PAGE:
1. Get thing in order at home. Laundry, housekeeping, groceries, meal planning, childcare, rides to and from kids activities…. For at least 1 or 2 weeks.
  2. You will need a ride to and from the surgery center or hospital. I recommend that this person stay for the duration of the procedure or be available by phone. 
  3. Look into kids activities for the next 2 weeks, and try to have them involved in activities to burning off some energy. This way when they are home they aren't using you as a jungle gym. 
  4. For the 1st 24 hours after surgery you need someone with "you". Make arrangements for childcare and mommy care. 
  5. Set up your space. You will need rest, fluids, food…. Set up a sleeping area that will have some basic things. (Near the bathroom) You will need lots of pillows, a small table for your medications, and a large water bottle. 
  6. When you take your first shower, I recommend someone be there. Don't make the shower too hot. Falls can happen so precautions need to be taken. 

Alfred Sofer, MD, FACS
Fairfield Plastic Surgeon
5.0 out of 5 stars 15 reviews

Protecting Mommy after surgery

The best thing you can do for yourself is to get someone to help you with the kids.  Depending upon the ages of your children, you may be surprised to find that simply by explaining that "mommy has a sore tummy" will help.  Kids are very in tune to how Mommy feels.  Best of luck with your surgery!

Camille Cash, MD
Houston Plastic Surgeon
5.0 out of 5 stars 28 reviews

How can I protect myself from my children post-mommy-makeover?

I would make sure that there is an adult with you during the recovery phase. Someone who can help you and the children at the same time. 

Ron Hazani, MD, FACS
Beverly Hills General Surgeon
4.9 out of 5 stars 255 reviews

Mommy makeover

As the other consultants have already recommended make sur you have a family member or nanny around to help with the children and let them know you will not be feeling well

Dr Corbin

Frederic H. Corbin, MD
Los Angeles Plastic Surgeon
4.9 out of 5 stars 58 reviews

How can I protect myself from my children post mommy makeover?

First, be certain to have a responsible adult available to help you for the first 2 to 4 days following the surgery.  Next, discuss with your children that you are going to be sick for a few days and they must be extra careful not to hurt you.  An abdominal binder or compression garment will help you feel much more comfortable and will help protect you from bumps and bruises.  Best wishes, Dr. Lepore.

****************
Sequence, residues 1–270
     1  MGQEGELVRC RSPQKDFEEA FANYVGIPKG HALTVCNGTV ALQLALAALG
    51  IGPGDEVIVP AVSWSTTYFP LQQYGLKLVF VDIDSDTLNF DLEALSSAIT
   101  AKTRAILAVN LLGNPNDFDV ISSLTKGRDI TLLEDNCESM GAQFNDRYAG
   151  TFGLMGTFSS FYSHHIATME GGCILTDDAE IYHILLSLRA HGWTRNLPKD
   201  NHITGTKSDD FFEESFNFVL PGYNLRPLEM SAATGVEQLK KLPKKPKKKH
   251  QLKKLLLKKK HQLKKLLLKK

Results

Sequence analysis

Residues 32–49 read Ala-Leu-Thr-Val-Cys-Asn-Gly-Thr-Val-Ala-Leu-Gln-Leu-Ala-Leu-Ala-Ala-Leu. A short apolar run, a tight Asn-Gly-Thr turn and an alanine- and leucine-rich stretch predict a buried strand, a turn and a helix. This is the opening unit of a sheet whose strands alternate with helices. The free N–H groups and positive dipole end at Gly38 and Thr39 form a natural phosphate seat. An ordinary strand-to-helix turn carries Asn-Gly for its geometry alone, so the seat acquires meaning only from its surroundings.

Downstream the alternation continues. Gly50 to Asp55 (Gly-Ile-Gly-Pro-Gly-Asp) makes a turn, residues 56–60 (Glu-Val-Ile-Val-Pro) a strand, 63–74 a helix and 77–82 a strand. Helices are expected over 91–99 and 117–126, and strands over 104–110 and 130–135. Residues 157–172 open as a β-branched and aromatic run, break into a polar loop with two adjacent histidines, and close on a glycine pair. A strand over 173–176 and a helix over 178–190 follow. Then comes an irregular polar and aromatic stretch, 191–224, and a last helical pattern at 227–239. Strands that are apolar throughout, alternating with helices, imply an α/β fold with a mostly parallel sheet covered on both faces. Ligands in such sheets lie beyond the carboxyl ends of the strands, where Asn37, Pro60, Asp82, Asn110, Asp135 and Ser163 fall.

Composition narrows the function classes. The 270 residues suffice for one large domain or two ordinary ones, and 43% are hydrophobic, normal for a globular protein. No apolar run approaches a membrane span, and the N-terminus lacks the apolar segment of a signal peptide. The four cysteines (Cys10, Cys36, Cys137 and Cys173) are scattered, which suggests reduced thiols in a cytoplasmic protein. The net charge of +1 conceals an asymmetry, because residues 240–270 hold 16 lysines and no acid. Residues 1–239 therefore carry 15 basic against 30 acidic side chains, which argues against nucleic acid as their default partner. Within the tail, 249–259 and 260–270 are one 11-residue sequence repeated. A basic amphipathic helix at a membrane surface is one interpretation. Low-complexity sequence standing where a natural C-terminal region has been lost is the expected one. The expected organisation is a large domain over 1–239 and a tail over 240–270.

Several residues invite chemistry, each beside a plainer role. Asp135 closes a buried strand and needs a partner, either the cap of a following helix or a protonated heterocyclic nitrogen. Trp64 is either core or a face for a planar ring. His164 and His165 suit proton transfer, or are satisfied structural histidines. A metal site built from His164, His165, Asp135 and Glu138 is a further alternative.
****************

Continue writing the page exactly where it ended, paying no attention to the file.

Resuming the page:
Vincent D. Lepore, MD
San Jose Plastic Surgeon
4.9 out of 5 stars 49 reviews


It is my pleasure to answer your question. I recommend you to have a person of your family to take care of your kids. Could be your mother or mother in law that they feel confortable to be with.

Aramis Vega, MD
Dominican Republic Plastic Surgeon
5.0 out of 5 stars 20 reviews

Protection from kids after a mommy-makeover

Thank you for your post, "droopymom2". 

As for kids who "love to cuddle and jump all over me", you really need to be careful, especially after the tummy tuck portion of the operation. You should avoid twisting and moving up and down. The abdominal flaps need to heal into place. If you move around too much, you can easily create a seroma that will require draining. Line up help from parents, in-laws, family, good friends, etc to help watch the kids as much as possible so that you can recover. The first 2 weeks are most critical. As for body protection suits, I'm not familiar with any such post-surgical devices.

I hope this helps.

- Dr. Bryson Richards

Protecting yourself from your children after a mommy makeover.

If your children cannot obey orders then you'll need some help until you have recovered somewhat from the procedure. Generally after three or four days most patients can handle their daily affairs with restriction.

Vincent N. Zubowicz, MD
Atlanta Plastic Surgeon
4.9 out of 5 stars 32 reviews

These answers are for educational purposes and should not be relied upon as a substitute for medical advice you may receive from your physician. If you have a medical emergency, please call 911. These answers do not constitute or initiate a patient/doctor relationship.